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The Rise and Fall of Graphic Adventure Games 134

Posted by Soulskill
from the mind-the-alligators dept.
The Opposable Thumbs blog has a detailed retrospective on almost three decades of history in the graphic adventure genre. While this type of game has fallen from favor in recent times, many classic titles made indelible marks on the memories and preferences of an entire generation of gamers. If you played video games in the '80s and '90s, you'll probably see something you recognize. Quoting: "In its sometimes-turbulent thirty-year history, the graphic-adventure genre has driven technology adoption, ridden at both the crest and trough of the graphics and audio waves, touched the lives of millions of people, and shaped the rise (and, in some cases, fall) of several big-name people and companies in the gaming industry. It's a genre that has often been held back by its own insularity, suffering from an unwillingness to adapt to changing market conditions or to further push the boundaries of interactivity. Adventure games certainly did these things, but the efforts to truly innovate seemed to peak in the mid-'90s, before rapidly falling off—with only a few exceptions. The improving fortunes of adventure game developers in recent years may at least in part be attributable to their efforts to innovate—Telltale with the episodic structure, Quantic Dream with a new control system (for better or worse), and Japanese developers such as Cing with Nintendo DS titles that introduce elements from visual novels.
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The Rise and Fall of Graphic Adventure Games

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  • by rainmouse (1784278) on Thursday January 27, 2011 @06:44AM (#35017986)
    Just because the adventure games being currently produced are not the focus of the AAA developers does not mean a decline. My partner and her friends sit and play a seemingly endless stream of very creative looking new adventure games produced by indie developers and sold on steam. I'd recommend anyone to check them out and they are usually very cheap to buy.

    Also worth noting about the article is that on each of the 6 pages there are up to 4 separate web tracking networks sending my blocking software haywire.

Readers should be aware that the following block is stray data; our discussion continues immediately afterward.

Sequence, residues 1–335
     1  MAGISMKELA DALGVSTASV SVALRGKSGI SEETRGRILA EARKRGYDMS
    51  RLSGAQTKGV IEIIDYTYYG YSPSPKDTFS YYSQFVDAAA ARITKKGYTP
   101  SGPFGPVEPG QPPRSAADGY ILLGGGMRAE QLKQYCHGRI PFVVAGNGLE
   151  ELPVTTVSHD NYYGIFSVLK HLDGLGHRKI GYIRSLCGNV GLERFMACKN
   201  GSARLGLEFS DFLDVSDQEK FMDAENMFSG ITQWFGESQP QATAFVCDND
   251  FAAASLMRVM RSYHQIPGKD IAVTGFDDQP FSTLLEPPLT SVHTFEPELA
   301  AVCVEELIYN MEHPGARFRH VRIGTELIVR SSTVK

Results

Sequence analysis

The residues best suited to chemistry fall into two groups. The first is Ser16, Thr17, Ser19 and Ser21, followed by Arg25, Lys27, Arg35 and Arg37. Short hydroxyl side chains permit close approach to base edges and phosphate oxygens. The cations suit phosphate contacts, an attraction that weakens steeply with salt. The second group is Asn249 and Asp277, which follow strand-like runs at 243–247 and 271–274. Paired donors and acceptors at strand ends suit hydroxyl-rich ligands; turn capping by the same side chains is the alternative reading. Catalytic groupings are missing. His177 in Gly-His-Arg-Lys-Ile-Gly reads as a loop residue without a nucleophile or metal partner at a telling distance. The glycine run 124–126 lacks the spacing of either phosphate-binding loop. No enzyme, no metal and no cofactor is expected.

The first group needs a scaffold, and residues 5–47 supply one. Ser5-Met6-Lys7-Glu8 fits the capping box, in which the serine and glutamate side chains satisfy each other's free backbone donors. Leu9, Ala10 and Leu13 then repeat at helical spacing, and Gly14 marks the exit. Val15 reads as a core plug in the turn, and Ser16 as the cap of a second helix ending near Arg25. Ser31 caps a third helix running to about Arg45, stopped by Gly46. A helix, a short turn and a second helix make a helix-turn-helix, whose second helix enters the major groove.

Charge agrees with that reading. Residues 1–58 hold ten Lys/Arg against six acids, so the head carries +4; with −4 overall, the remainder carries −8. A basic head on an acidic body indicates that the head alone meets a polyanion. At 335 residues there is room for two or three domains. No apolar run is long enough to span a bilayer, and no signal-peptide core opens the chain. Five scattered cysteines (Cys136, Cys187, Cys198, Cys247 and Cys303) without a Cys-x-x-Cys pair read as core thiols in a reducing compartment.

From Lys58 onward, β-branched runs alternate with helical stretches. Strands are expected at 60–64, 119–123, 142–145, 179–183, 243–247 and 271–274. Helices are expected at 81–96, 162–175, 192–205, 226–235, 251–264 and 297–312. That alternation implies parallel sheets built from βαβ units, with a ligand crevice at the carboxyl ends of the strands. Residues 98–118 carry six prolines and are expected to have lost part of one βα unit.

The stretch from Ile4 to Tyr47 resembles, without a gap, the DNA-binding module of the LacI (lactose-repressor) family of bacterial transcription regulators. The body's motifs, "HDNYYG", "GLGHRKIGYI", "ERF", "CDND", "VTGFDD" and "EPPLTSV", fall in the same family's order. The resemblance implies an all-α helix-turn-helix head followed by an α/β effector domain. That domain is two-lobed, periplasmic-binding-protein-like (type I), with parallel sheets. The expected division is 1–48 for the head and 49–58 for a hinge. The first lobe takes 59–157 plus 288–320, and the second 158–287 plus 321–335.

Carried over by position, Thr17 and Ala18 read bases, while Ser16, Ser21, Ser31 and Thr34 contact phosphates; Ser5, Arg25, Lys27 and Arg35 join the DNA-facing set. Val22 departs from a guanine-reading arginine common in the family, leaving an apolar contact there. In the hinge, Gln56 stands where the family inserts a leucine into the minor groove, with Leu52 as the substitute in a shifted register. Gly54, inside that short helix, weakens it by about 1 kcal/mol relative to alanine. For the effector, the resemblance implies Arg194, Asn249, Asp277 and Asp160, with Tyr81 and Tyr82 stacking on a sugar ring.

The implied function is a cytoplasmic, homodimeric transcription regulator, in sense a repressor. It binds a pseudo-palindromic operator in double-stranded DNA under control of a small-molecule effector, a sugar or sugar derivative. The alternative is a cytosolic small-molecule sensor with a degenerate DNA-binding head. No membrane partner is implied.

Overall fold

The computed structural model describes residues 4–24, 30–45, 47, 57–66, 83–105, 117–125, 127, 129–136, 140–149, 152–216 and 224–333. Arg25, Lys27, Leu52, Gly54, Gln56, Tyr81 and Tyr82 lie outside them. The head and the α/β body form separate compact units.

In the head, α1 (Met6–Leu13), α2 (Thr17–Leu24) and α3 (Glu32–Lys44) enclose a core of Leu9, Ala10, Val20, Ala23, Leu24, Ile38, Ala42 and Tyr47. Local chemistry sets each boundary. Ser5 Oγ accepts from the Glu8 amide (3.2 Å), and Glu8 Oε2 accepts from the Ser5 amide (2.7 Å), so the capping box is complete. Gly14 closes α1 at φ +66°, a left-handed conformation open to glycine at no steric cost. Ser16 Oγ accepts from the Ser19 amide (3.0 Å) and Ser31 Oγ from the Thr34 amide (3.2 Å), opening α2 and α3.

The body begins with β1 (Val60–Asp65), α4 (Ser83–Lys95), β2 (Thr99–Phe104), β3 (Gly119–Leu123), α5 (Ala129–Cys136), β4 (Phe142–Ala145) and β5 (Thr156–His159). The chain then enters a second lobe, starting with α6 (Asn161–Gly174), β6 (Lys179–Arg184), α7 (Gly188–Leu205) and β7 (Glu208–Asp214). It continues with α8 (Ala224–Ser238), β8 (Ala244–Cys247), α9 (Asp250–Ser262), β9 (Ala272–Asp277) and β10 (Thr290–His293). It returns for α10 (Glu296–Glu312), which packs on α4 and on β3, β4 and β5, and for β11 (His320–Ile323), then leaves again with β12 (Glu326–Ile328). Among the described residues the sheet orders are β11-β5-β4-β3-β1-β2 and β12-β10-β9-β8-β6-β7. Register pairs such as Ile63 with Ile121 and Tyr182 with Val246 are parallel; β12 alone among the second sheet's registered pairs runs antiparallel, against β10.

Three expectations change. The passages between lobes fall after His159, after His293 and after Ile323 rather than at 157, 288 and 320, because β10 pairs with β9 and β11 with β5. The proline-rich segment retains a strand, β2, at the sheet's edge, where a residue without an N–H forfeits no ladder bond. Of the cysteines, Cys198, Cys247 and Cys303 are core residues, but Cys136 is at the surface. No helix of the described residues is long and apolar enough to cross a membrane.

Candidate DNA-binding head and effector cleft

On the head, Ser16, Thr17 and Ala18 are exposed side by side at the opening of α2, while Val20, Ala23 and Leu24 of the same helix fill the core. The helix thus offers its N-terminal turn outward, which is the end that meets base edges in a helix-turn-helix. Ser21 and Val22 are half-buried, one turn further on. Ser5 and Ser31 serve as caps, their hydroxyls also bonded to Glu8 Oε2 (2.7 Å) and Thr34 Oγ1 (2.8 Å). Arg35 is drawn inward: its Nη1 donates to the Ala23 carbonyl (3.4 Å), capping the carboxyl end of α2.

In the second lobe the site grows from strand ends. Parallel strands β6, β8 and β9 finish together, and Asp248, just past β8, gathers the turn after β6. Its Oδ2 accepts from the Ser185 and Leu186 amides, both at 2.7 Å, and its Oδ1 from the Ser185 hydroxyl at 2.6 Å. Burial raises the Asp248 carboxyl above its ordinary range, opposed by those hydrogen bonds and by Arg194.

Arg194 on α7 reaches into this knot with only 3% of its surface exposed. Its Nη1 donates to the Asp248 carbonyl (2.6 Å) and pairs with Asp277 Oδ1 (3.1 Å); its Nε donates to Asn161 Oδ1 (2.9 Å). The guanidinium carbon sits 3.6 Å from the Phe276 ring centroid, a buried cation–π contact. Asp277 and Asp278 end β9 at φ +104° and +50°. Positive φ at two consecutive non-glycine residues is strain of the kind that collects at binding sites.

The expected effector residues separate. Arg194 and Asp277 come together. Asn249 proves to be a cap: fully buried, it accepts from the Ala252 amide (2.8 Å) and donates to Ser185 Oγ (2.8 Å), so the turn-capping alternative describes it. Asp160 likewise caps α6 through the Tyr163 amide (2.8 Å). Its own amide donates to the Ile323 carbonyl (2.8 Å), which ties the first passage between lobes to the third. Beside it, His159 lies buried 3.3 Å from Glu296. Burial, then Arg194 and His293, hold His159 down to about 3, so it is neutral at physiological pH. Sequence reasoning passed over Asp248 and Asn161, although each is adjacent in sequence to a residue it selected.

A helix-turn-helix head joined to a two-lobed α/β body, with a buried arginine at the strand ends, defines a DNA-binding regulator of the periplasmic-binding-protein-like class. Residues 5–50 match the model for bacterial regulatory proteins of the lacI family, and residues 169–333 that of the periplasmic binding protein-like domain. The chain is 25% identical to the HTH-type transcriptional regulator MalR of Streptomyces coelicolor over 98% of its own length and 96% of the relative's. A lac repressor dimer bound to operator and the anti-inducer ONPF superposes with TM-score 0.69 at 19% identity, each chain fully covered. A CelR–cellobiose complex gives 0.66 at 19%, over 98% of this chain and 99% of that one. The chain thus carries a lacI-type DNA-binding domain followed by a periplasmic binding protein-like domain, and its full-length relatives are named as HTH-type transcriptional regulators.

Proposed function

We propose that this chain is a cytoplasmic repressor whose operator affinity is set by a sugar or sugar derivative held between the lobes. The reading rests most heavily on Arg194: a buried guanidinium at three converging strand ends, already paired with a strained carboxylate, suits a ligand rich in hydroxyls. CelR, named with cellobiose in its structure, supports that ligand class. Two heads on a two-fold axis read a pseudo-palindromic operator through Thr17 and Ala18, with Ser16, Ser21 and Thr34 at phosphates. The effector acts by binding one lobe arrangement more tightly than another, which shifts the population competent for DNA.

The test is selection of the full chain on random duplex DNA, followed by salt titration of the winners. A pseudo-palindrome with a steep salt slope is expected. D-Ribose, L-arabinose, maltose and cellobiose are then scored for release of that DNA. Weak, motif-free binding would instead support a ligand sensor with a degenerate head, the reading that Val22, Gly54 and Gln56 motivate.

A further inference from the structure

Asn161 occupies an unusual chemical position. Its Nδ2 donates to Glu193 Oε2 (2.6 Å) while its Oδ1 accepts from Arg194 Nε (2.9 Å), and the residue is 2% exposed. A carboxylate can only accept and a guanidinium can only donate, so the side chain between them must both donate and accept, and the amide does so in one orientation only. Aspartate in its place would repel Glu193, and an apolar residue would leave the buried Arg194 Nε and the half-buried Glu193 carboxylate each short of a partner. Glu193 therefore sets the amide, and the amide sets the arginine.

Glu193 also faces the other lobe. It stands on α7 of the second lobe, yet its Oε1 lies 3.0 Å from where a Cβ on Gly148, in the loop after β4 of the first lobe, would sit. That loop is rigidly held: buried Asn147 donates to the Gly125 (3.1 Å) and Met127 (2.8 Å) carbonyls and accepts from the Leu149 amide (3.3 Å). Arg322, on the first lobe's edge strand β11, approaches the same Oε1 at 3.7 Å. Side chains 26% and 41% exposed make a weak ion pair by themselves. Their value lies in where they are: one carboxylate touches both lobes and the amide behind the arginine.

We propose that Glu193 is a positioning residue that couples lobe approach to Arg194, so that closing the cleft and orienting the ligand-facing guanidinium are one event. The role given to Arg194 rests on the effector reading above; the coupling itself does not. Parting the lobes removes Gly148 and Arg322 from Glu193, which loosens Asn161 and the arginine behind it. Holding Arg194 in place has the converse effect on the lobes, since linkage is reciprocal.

• by bhunachchicken (834243) on Thursday January 27, 2011 @07:18AM (#35018152) Homepage

    You know, I'd have thought that graphical adventure games would've found a new lease of life on touch-screen mobile phones.

    The interface is ideal, almost on-par with a mouse: tap to click... er... and that's about it (no right click, though).

    Games like Monkey Island, Beneath a Steel Sky, etc., would be very easy to play on them, far easier than most arcade-style games. The ability to save at virtually any time would also make them perfect for the nature of the phones. How many people do you see tinkering with them on their daily commute? Play for 20 or 30 minutes. Save, continue tomorrow or after work.

    I know that ScummVM is available for Android, but it's rather strange that there aren't more commercial point-and-click adventure games available.

    (note: I neither own an iPhone or an Android phone)

  • by multimediavt (965608) on Thursday January 27, 2011 @09:26AM (#35018934)
    Is it me or did the author of that blog, and most commentors so far here, miss the mark entirely? So, games like Grand Theft Auto, Uncharted, Infamous, etc., etc. don't count? Bunk! The graphic adventure game is quite alive and well, it has just evolved. I remember playing Myst and a bunch of others over the years and if the technology and expertise had been affordable/existed then, those games would have looked like GTA or Uncharted.

Entropy requires no maintenance. -- Markoff Chaney